Ehrlich’s Law(s)

Does anyone out there know anything about the various statements purporting to be Ehrlich’s Law? I was researching a German scientist named Ehrlich when I came across this in Wikipedia:

Ehrlich’s Law:  “People pay way too much attention to things that are easily quantified.”

Seemed a perfectly reasonable thing to say, very John Allen Paulos. So I tried to look into it. Wikipedia drew a blank. did the same. So I googled it and found that Ehrlich the quote-writer was a busy person indeed. There wasn’t just one Ehrlich’s Law, there was a litter of them. Included in that litter were:

  • The first rule of intelligent tinkering is to save all the parts.
  • It is a mistake to allow any mechanical object to realize that you are in a hurry.

Many Ehrlichs. Many quotations. No hard facts. Any ideas out there?

6 thoughts on “Ehrlich’s Law(s)”

  1. On a similar note, I had to go back to my decades old AI textbook to find
    Martin’s Law:

    You can’t learn anything unless you almost know it already.

    I think its named after Willaim A. Martin – but can’t find quote on the web.

  2. Reminds me of this one (who’s original author I no longer remember):

    “Learning occurs at the fringes of what you already know. So the more you know, the more you can learn.”

  3. Bill Barnett’s comment reminds me of a central tenet in the strategy and organization theory literature about ‘absorptive capacity.’ In simple terms–an organization can only absorb knowledge in the neighborhood of what it knows. It cannot radically shift and evolve its knowledgebase.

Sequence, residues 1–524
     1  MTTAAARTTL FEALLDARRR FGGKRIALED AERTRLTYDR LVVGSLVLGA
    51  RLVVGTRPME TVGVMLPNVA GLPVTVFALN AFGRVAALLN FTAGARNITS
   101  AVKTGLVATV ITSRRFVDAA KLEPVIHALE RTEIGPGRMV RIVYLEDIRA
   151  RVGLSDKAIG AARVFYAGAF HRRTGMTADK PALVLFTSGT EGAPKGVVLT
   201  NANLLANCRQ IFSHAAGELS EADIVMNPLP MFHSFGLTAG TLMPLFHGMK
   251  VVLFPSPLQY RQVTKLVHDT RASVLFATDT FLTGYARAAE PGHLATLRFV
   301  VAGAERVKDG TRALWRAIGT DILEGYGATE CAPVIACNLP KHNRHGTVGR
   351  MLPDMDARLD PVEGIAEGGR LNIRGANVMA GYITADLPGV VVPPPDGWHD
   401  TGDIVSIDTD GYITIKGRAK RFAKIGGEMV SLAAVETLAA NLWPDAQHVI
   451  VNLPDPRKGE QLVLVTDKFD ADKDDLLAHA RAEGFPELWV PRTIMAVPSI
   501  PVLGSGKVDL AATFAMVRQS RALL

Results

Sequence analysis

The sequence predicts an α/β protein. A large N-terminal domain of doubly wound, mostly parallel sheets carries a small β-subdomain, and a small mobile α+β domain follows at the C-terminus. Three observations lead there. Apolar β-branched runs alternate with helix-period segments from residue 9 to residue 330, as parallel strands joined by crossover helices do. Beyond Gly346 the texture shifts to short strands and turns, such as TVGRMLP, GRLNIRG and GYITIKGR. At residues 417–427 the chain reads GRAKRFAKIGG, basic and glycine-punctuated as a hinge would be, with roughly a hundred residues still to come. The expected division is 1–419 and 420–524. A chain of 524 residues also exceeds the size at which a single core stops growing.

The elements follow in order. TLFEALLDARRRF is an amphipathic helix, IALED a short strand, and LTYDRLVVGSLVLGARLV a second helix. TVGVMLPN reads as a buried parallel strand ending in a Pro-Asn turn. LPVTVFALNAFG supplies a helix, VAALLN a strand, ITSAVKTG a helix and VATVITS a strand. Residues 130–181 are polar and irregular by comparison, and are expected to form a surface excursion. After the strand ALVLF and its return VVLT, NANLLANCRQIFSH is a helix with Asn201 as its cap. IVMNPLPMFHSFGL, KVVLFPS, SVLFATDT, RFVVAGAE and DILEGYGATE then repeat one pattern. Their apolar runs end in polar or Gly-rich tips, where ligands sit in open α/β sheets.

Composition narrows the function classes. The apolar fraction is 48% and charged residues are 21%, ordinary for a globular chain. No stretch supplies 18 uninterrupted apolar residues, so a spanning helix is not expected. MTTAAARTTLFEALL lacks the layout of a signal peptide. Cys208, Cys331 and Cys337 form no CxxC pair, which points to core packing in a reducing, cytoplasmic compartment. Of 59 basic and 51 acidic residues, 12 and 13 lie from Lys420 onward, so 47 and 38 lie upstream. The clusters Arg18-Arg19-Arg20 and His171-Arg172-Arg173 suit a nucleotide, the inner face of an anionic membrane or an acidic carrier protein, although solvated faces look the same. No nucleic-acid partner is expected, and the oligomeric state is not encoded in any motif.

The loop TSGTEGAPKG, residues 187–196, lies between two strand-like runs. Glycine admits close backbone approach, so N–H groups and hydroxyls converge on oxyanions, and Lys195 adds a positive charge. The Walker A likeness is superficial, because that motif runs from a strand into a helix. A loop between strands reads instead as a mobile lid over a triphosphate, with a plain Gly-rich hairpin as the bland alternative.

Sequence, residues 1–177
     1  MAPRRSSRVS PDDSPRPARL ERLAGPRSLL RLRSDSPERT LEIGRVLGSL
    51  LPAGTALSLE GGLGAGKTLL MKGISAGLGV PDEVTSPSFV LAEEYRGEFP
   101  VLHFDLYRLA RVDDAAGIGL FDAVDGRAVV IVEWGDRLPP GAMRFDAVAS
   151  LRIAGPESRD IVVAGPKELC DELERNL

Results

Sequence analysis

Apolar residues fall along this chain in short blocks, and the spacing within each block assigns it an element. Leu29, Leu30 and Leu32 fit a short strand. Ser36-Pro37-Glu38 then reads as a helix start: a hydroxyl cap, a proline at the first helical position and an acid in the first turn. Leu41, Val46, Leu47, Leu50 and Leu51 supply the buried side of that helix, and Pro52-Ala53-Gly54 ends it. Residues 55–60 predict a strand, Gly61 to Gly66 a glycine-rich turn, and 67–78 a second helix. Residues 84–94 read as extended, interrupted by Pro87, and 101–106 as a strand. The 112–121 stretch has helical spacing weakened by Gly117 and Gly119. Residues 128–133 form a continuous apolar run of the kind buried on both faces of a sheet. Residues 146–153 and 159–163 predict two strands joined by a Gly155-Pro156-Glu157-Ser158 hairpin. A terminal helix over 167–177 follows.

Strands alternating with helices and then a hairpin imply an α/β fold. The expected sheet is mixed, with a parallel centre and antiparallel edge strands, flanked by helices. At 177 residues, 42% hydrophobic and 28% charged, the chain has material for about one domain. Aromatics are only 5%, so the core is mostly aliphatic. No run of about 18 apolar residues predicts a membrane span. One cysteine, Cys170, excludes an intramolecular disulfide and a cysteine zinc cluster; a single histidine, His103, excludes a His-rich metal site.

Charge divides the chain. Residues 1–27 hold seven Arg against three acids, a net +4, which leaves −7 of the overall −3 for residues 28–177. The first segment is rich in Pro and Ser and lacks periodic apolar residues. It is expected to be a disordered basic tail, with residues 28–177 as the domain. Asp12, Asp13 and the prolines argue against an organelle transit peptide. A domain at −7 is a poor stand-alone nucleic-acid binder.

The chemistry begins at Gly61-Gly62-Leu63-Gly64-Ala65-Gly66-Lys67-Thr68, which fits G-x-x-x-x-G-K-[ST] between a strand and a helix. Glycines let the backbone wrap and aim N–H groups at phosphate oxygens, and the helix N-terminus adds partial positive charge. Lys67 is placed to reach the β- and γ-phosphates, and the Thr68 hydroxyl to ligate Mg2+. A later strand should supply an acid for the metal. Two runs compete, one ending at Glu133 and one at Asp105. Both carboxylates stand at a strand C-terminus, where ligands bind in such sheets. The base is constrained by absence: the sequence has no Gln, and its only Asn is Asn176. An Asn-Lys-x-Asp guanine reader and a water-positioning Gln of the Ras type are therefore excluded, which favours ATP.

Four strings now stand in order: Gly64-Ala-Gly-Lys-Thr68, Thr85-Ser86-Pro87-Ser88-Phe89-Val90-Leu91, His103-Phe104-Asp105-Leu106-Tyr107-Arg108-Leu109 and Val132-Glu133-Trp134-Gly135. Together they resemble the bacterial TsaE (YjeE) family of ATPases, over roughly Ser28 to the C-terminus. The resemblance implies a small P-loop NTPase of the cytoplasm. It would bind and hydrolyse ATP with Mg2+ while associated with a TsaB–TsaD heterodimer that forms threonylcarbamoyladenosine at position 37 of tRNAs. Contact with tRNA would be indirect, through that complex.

4. The cognitive bias mentioned in “Ehrlich’s Law” is related, but different, to my favorite economist joke:

    Late one evening, a man who was walking his dog comes upon an economist (you can always tell an economist from anyone else at first glance, of course) who is searching the ground under a street light. The passerby asks the economist what he is doing.

    “I’m looking for my lost keys,” says the man searching the ground. “I dropped them on my way home from that bar down there” he says with a slight slur, pointing to an establishment of somewhat disreputable appearance at the far end of the street.

    The passerby offers to help search for the keys, but after several minutes of searching under the street light they have no luck. “Are you sure you dropped them here?” asks the passerby.

    “Oh, I have no idea if I dropped them here,” says the economist, now swaying ever so slightly. “All I know is that I think I’m pretty sure that I dropped them somewhere on this street on my way home.”

    “Then why are you only looking under this street light?”

    “Well…” replies the economist very slowly, blinking with the effort. “Because this is where I can see the best.”

    I cut and pasted the above directly from the aptly named Street Light Blog:

    I’m an economist and I represent that joke. Now I must return to my data mining here under this street light.


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